Why Are Cab Fares So Expensive?
August 27, 2013
There are many reasons why cab fares seem ridiculously high in many metropolitan areas. Often there are local restrictions on supply, reducing competition and driving fares up. But a bevy of unfair federal tax policies also play a role, with a heavy bias against corporate investment in large durable goods.
Suppose I want to buy a Toyota Camry for myself to use. All I have to do is earn some income, pay taxes on that income, and then buy the car. From then on, I’m in the clear. The car is mine, and I pay no new federal taxes on it.
In contrast, suppose a taxi company is issuing new shares to raise capital, and I use my money to buy those shares instead. Then the taxi company uses the money to buy the same Toyota Camry. So far, the same taxes have been paid in both cases – just my own personal income.
But from then on, the taxi company will pay corporate income tax on profits the cab earns from fares, and I will pay dividend taxes whenever the company rewards me for helping them buy the car. This amounts to two substantial taxes on the car that wouldn’t exist if I bought it for myself.
Worse, the profits aren’t even correctly defined. When the company calculates the cost of doing business for tax purposes, it marks down the cost of the car over five years. This understates the cost of buying the car, because the business doesn’t pay for the car over five years; it pays the whole cost up front. Our background paper on this problem covers the issue in detail.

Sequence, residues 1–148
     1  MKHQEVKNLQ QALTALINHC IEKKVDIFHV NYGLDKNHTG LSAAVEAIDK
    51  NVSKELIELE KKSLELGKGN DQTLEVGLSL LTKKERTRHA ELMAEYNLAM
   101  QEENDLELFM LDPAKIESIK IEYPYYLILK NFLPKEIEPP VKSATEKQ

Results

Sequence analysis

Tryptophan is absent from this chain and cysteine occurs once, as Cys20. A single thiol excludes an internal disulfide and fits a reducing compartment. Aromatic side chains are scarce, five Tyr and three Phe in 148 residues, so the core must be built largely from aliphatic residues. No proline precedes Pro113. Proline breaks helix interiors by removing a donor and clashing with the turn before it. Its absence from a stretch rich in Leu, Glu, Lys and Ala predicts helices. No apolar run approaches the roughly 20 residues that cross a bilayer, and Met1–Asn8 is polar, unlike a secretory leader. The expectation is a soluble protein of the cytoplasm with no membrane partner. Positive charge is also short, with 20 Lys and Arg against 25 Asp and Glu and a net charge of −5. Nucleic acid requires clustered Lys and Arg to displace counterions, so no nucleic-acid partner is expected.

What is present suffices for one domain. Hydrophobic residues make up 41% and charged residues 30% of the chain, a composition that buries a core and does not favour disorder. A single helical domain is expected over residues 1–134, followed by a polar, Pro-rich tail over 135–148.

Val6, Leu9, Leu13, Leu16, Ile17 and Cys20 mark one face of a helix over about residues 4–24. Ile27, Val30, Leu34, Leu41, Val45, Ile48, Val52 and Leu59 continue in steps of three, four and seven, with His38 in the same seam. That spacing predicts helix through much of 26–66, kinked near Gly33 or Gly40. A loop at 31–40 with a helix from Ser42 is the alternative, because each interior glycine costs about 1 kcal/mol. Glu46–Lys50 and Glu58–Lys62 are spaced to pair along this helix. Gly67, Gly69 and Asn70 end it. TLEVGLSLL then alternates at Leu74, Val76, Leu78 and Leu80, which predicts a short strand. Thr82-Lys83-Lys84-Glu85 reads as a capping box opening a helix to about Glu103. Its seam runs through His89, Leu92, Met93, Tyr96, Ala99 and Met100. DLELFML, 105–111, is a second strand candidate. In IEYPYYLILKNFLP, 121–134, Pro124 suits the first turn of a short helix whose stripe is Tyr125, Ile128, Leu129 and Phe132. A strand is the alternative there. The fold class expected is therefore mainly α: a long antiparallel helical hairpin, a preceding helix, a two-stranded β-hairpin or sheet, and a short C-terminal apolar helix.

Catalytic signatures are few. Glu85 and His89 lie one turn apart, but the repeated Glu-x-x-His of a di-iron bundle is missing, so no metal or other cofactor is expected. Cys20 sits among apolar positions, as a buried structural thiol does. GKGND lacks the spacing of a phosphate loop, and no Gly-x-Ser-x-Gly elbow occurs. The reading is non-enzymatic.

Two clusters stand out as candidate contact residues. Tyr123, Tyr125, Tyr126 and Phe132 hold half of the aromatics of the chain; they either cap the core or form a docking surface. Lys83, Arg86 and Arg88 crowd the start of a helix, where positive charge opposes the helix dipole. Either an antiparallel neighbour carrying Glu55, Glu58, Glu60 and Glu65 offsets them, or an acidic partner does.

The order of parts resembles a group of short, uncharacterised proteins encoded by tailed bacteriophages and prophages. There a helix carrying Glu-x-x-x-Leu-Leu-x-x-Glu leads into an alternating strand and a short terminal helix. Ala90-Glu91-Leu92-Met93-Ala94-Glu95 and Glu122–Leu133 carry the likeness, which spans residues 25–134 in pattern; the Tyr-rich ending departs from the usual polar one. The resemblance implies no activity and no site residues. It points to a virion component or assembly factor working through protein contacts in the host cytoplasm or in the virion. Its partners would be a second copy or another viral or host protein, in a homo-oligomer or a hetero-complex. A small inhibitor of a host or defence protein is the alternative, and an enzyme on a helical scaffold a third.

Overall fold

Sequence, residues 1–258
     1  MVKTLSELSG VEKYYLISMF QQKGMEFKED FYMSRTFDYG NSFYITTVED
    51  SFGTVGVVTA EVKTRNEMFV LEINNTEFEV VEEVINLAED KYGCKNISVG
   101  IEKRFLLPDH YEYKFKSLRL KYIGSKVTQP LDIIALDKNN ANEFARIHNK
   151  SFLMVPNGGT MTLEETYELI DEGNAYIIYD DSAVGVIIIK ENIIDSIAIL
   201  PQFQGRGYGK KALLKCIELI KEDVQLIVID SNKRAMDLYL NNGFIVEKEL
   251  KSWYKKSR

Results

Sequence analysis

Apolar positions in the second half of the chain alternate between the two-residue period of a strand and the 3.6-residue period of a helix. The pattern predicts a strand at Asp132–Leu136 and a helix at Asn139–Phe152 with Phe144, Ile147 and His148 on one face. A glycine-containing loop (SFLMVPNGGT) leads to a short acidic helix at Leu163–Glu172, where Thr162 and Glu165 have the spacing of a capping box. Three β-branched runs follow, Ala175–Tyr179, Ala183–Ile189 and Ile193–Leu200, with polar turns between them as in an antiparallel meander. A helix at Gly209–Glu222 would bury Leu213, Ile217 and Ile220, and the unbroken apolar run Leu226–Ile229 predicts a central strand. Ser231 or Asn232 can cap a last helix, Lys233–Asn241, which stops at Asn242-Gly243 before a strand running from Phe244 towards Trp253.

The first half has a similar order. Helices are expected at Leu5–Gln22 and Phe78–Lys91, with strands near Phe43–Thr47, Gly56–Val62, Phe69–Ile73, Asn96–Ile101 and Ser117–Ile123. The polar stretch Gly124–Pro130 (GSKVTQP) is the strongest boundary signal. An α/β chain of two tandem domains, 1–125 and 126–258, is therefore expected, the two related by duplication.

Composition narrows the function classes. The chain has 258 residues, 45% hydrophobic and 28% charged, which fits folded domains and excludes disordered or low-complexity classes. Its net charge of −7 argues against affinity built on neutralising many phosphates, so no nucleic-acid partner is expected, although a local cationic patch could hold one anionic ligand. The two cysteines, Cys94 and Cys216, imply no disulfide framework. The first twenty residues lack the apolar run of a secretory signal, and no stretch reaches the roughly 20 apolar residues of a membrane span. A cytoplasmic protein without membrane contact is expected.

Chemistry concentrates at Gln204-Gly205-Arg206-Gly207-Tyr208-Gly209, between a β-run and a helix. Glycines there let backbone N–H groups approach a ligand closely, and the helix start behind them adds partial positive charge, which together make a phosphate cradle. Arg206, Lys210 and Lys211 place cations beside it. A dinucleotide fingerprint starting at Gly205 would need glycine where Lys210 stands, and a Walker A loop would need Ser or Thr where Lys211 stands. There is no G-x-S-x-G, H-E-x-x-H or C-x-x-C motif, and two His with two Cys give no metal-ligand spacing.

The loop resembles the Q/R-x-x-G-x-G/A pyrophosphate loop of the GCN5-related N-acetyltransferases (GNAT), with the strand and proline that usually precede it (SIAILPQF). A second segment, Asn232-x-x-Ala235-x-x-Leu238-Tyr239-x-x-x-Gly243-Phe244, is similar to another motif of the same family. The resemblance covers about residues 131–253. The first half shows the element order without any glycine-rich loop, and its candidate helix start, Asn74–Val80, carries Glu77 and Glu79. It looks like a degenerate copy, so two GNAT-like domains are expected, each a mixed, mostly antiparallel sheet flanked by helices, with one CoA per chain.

The federal tax regime is heavily biased against firms that invest in physical property, like taxicabs. This problem comes from poorly defining the tax base. Whenever money changes hands, IRS agents burst out of their burrows like a coterie of prairie dogs, eager to get their paws on anything that smells like “income.” In reality, some exchanges of money do not represent the production or consumption of a new good, and should remain untaxed.